Review Summary: Ratt's "Infestation" a Solid Listen
The 80's were my favorite decade when it comes to music. During this decade, many thrash bands were coming onto the scene like early Metallica. In addition, many 70's icons reappeared on the charts such as Alice Cooper and icons like Ozzy Osbourne and Ronnie James Dio left classic bands to form their own solo projects. It was a great time to rock.
However, the arguably most important genre of music from the 80's was the rise of what were referred to as hair bands. Many of these bands were not truly metal (though sometimes classified as such), but were really hard rock bands with a glam look or in some cases "hard pop." These bands often contained catchy choruses with a little bit of heavy metal guitar thrown in the middle. One of the best of the genre were a band called Ratt. Ratt were cool in the fact they contained twin guitars, an underrated bass player, a solid drummer, and a singer with a unique voice. Albums such as "Out of the Cellar" were among the genre's best. What also made them standout was the fact they were just heavy enough to please male fans, yet were also liked by female fans who in some ways drove the hair band scene.
By the early 90's, Ratt was basically done with internal problems and the fact grunge now ruled the charts. They did make one weak attempt in the late 90's to form a new version of Ratt, but their efforts failed. I basically figured they were a thing of the past.
That is why I was surprised when the band reformed. Robbin Crosby had died in the early 2000's and bass player, Juan Croucier did not seem particularly interested in a reunion. That meant that Ratt would go with bassist Robbie Crane and guitarist Carlos Cavazo, who was known for his work in Quiet Riot. Having been somewhat of a fan of Quiet Riot, I thought to myself "this could work." When I learned the band along with Stephen Pearcy on vocals, Warren Demartini on guitar, and Bobby Blotzer on drums were working on a new album, I figured I would give it a chance. However, my expectation were still low. After all, most reunion albums end up failing because the band simply cannot recreate their old sound.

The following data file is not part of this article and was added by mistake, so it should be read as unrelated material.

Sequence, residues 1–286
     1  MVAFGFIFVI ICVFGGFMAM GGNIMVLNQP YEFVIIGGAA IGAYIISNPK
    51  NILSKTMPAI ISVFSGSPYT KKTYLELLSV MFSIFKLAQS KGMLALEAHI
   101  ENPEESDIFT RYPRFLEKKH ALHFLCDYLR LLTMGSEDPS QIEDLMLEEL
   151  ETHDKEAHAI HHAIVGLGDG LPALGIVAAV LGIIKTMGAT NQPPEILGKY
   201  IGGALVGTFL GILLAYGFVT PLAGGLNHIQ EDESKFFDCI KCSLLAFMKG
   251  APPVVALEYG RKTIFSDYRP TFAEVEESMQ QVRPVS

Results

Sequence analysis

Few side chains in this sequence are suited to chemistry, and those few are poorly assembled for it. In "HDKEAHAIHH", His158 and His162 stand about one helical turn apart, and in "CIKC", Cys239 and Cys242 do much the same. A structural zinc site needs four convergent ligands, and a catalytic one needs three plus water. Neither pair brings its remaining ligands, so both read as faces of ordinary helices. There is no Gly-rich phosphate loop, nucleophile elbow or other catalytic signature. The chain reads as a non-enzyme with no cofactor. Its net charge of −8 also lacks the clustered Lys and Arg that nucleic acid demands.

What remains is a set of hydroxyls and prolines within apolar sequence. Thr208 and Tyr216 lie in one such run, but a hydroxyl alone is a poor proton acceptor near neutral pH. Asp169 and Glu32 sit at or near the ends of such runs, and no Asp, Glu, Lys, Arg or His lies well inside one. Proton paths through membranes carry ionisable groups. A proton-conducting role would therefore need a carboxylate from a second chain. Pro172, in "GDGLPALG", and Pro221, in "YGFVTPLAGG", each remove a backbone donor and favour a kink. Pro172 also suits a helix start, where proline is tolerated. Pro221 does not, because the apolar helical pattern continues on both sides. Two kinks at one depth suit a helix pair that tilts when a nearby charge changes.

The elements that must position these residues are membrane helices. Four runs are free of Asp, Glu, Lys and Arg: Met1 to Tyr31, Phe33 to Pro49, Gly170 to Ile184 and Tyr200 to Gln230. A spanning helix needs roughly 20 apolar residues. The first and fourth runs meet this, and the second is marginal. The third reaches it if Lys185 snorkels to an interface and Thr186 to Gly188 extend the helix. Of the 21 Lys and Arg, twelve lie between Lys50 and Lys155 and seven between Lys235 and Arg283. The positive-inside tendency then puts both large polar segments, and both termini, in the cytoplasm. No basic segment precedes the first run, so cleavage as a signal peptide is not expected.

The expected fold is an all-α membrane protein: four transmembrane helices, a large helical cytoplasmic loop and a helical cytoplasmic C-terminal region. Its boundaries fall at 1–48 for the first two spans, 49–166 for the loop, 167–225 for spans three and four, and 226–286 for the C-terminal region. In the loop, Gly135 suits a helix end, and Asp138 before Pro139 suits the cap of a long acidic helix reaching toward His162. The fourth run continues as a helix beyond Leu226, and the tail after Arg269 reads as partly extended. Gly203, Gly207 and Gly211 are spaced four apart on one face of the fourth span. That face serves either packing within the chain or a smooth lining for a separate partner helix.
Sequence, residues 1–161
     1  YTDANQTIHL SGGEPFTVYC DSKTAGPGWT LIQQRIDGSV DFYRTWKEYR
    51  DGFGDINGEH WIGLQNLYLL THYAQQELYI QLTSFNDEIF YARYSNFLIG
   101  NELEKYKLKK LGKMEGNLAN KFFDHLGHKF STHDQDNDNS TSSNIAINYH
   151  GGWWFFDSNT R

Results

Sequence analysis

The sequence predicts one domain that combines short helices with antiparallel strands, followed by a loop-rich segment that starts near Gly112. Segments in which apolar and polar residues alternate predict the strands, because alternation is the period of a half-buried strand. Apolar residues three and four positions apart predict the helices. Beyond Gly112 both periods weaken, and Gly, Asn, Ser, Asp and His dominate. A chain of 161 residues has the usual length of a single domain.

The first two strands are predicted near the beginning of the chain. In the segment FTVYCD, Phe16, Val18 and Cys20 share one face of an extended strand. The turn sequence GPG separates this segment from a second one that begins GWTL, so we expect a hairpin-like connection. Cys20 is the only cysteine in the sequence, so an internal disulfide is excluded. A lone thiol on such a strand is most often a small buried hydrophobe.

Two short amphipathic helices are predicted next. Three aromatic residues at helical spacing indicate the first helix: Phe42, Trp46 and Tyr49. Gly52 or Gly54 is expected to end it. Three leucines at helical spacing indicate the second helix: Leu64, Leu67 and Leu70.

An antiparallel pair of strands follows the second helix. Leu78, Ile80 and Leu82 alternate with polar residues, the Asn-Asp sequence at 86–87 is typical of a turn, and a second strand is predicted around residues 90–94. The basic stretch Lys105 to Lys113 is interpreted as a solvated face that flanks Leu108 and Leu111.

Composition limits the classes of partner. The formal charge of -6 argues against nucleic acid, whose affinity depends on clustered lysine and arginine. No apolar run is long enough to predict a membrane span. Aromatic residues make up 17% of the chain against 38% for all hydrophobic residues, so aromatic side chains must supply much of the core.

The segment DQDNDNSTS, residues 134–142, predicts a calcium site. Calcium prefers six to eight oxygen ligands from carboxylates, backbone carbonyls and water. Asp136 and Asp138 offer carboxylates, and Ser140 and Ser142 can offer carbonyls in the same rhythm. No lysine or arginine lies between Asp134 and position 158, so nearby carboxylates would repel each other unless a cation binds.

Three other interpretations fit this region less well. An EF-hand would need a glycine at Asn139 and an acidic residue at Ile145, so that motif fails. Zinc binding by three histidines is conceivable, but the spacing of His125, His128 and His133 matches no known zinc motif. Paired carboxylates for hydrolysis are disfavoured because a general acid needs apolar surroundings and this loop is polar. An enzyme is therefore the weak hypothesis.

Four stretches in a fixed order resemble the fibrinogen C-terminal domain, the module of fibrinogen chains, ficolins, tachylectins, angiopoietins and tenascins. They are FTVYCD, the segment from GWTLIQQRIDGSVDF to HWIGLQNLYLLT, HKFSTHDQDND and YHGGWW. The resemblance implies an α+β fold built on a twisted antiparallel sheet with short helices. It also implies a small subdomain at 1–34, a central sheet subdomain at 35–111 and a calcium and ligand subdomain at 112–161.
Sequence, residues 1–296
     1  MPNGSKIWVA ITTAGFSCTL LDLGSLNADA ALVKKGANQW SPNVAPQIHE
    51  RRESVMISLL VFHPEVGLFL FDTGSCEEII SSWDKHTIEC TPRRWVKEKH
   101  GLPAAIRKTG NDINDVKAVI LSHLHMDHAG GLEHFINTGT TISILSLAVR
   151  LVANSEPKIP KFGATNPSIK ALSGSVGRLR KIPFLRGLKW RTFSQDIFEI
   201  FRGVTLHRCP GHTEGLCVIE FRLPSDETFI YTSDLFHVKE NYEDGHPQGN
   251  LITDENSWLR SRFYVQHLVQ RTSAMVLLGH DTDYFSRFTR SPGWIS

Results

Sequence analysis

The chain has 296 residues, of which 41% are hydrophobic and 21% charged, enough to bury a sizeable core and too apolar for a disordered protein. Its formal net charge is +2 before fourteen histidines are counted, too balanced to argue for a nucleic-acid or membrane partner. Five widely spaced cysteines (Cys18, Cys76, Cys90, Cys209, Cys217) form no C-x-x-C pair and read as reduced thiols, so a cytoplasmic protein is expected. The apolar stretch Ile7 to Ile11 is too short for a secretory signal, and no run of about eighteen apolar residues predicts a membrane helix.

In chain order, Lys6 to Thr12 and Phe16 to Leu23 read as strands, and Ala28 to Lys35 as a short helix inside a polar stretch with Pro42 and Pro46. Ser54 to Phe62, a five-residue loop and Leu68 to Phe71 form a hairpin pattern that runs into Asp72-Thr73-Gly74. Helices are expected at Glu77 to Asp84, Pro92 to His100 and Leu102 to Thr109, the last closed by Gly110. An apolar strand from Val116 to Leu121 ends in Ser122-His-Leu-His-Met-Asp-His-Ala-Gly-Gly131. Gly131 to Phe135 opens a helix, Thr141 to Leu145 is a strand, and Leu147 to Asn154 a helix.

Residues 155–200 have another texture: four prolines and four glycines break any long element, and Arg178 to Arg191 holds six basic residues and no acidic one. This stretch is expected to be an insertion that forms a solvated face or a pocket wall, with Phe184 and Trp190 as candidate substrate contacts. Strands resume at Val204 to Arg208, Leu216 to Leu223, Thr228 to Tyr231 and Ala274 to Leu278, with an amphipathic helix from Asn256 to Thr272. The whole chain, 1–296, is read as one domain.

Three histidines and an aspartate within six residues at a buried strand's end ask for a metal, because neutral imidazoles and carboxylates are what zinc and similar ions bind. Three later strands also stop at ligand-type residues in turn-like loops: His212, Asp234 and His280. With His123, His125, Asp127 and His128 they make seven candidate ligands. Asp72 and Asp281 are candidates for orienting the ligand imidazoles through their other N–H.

A month or so before the release of "Infestation" I heard the first single "Best of Me" on a speciality show and was pleasantly surprised. The song, while perhaps not a masterpiece, was catchy and sounded a lot like Ratt sounded in the 80's. I was encouraged and a month later purchased the album and I was immediately glad I did.
The album while containing a few modern elements here or there, is packed full of good to great songs. Such tracks as "Lost Weekend" sound like they could come off of an 80's era Ratt album, while other tracks such as "Eat Me Up Alive" could win over new fans. It is so refreshing to hear a comeback album legitimately sound like the classic lineup. Unfortunately, word has it the band is now on another hiatus due to some tensions. That is unfortunate because the lineup sounded great with "Infestation" and I have hopes the band will resolve their differences.